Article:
Jam Making 101: Getting started

Peach Ginger Jam
Peach Ginger Jam
Today I am making jam. I like canning – it is like baking, requiring a certain amount of attention to detail, but like cooking, allows for a bit of experimentation.

I started canning and preserving foods about 8 years ago, when my son was born, in an effort to relive some of the memories from my childhood. The first year, I made one batch of Ollalieberry Jam, from berries picked in Watsonville. Each year, I add something new to my repertoire – now I am up to Peach, Nectarine and Plum jams, canned tomatoes, apple sauce and apple butter, and bread & butter pickles. Mostly, I give these away to friends as hostess or thank you gifts, and my kids eat a great deal.

Just recently, I began preserving as a way to lengthen the season for some of our favorite fruits and vegetables. Our CSA offered tomatoes last year, perhaps I will capture green beans and corn as well. There is really nothing better than pulling a jar of summer tomatoes out of the garage in the middle of winter for a sauce!

Friends have asked how to get started in canning, so I thought I would put together a series of posts about preserving food. Together, we will make Peach Ginger Jam, and I hope that this guide will help you every step of the way!

Step 1: Equipment

Before you get going, you need to make sure you have the right equipment on hand. Here is my recommended list:

  • Canning jars (1/2 pint or pint jars) with two piece lids
  • Water bath canning pot and jar rack (this usually comes as a set)
  • Large pot (you will actually make the jam in this)
  • Jar lifter
  • Tongs (the OXO tong with grips are my favorite)
  • Wide-mouth funnel
  • Ladle
  • Food thermometer
  • 8-cup glass measuring cup
  • Slotted spoon
  • Several clean kitchen towels

Most of these items can be purchased at your local hardware or kitchen store. Keep in mind, you can reuse canning jars and the outer rings, but you need to use new lids every time. Also, while most of my friends and family will tell you I am not the best housekeeper, I do start with a fairly clean kitchen. Keeping unwanted visitors out of the newly preserved foods is a good thing, as Martha would say.

Step 2: Recipe


Once you have the above equipment in hand, you will need to decide what to make. I started by making straight-forward jams, using recipes from the National Center for Home Food Preservation. I have also found great recipes using the Food Blog Search, including one from Warda of 64 sq ft kitchen and another from Delicious Days. Whatever you decide to make, you will need to find fresh, ripe fruit for the project. Ideally, that would come from a tree in your backyard, but don’t be afraid to ask neighbors or colleagues for extra fruit. Some farms offer a pick-your-own option, and I also visit a local farmer’s market for fresh summer stone fruits. The average recipe needs 5-6 cups of chopped fruit, about 10-12 medium or 3-4 pounds.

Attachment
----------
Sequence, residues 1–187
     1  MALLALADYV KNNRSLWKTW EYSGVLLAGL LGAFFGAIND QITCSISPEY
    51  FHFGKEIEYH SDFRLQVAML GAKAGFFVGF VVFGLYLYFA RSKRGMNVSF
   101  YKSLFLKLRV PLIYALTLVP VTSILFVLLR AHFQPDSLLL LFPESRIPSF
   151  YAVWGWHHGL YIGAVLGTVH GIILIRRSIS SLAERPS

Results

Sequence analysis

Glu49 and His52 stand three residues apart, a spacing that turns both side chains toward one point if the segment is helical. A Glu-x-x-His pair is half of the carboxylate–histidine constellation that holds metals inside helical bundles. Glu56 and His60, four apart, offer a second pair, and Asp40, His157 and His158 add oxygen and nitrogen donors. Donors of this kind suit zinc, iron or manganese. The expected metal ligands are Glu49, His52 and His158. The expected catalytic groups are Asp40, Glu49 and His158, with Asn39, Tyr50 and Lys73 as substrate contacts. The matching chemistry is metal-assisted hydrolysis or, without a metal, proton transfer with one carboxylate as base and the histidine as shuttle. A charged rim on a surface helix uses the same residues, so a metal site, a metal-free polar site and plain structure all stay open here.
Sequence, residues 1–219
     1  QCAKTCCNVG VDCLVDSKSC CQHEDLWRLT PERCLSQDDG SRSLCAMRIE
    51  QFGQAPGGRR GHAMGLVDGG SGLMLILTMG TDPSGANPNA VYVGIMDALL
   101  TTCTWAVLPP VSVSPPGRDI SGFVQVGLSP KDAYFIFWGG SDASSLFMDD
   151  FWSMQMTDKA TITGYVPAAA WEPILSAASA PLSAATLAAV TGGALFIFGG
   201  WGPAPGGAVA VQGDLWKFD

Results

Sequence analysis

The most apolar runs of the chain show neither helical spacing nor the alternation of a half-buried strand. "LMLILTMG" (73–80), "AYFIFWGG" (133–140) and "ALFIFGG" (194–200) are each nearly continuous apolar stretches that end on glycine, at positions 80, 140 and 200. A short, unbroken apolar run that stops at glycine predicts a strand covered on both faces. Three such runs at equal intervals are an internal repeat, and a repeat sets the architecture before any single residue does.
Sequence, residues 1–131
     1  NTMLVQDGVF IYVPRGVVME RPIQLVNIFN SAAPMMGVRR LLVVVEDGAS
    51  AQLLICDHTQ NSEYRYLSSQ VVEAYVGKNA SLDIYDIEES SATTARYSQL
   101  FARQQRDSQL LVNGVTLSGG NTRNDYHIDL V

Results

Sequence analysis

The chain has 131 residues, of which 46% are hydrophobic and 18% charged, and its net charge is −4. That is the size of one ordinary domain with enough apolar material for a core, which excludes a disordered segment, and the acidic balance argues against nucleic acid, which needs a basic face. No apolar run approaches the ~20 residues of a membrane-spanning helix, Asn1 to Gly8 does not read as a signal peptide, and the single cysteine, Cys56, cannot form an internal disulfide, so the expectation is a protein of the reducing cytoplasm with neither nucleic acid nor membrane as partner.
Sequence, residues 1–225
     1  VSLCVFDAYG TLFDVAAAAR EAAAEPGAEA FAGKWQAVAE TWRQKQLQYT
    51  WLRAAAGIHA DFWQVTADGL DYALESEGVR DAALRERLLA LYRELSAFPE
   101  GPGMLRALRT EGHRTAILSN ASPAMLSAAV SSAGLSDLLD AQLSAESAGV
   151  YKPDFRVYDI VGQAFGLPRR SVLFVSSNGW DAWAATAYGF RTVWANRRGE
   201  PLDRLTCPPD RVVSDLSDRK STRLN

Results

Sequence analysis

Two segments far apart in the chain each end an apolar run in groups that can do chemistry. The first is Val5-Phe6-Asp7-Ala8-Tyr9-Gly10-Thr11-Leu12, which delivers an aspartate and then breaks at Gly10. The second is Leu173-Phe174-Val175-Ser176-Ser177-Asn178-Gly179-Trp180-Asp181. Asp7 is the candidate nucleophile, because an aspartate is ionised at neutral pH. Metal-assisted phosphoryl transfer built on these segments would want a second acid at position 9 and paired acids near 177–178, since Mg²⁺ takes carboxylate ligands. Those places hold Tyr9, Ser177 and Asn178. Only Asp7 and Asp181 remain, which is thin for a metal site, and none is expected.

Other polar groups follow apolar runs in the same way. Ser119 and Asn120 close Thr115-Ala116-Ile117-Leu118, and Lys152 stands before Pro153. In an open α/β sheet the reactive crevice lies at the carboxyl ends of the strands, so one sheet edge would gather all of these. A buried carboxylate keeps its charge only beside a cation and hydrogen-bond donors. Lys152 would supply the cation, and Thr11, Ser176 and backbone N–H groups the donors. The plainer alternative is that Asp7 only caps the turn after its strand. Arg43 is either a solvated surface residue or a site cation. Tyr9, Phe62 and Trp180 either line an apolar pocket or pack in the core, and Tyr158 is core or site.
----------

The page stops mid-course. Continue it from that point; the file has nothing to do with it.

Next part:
OK, now you have the equipment, the recipe and the fruit. Tomorrow, we will talk about the mechanics of making jam!


  1. I love this post!!! LOVE IT! By the end of the summer, I will be you 🙂 Thank you so much for listing everything so clearly for us beginners.

    Favorite Kitchen Gadgets: (I like gadgets – I’m a computer teacher)

    For personal use – cherry pitter (from Ikea) works like a charm

    For party use – Margaritaville Key West Frozen Concoction Maker (houseparty.com sent me one when I took part in one of their parties)

    For prepping food – OXO veggie peeler, Kitchenaid mixer
    and long metal tongs which I use for everything

    I am also very particular about ice cube trays and have tried many kinds. I don’t like the silicon ones because I think they leave an aftertaste on the cubes.

  2. mary ann roberts


    Read the article about you in the Mountain View Voice today, hey it could be me.
    I’ve been making jam that way for years, just fruit, sugar and lemon juice. Sometimes I wish I didn’t have so much fruit as we planted our own plum, peach and apricot trees, all which I make into jam. Then an apple and pear apple give me bummer crops to share or make into pies and sauces. My mom always canned tomatoes, pickles, and peaches, plus jams. Growing up in the Midwest everyone canned from their garden abundance and I follow suit in Ca. My daughter now makes jam like me too. Enjoy your blog and glad I found it. Will look into the EveryDay Food cookbook.

  3. Kitchen Gadget Girl

    Hi Mary Ann,

    Great to hear that you are canning too! And without pectin. I would love to see your backyard – that is one thing I don’t have, a lot of fruit trees. I grew up with plums and apricots in the backyard, but my two fruit trees are not producing yet! Glad to know that you have passed the tradition down to your daughter – I hope to do the same in my family.


  4. I am searching for a stone basket to help me when making damson, plum, cherry etc jams. It allows you to seperate the stones in the final stages without losing any liquid etc. Can you help??

  5. Kitchen Gadget Girl

    wow, that is a tool I have never heard of! I did a little google search and came up with another person who is looking for one. Sounds like it is a little basket that sits on the edge of the pan, so when you are cooking jam, you can plop the pits into the basket and have them drain.

    When I make jam with stone fruits, I cut the stones off. How easy would it be to just put the whole fruit into the pot!

    Some suggestions I saw were using a little strainer and bending the handle, or perhaps a tea strainer. I wonder if I could put a chinois or large strainer in the pot with the stone fruit, and then just lift it up as the fruit cooks and comes off the stone? I am also going to keep my eye out when I go to small, independent kitchen shops.

    Any readers have ideas?

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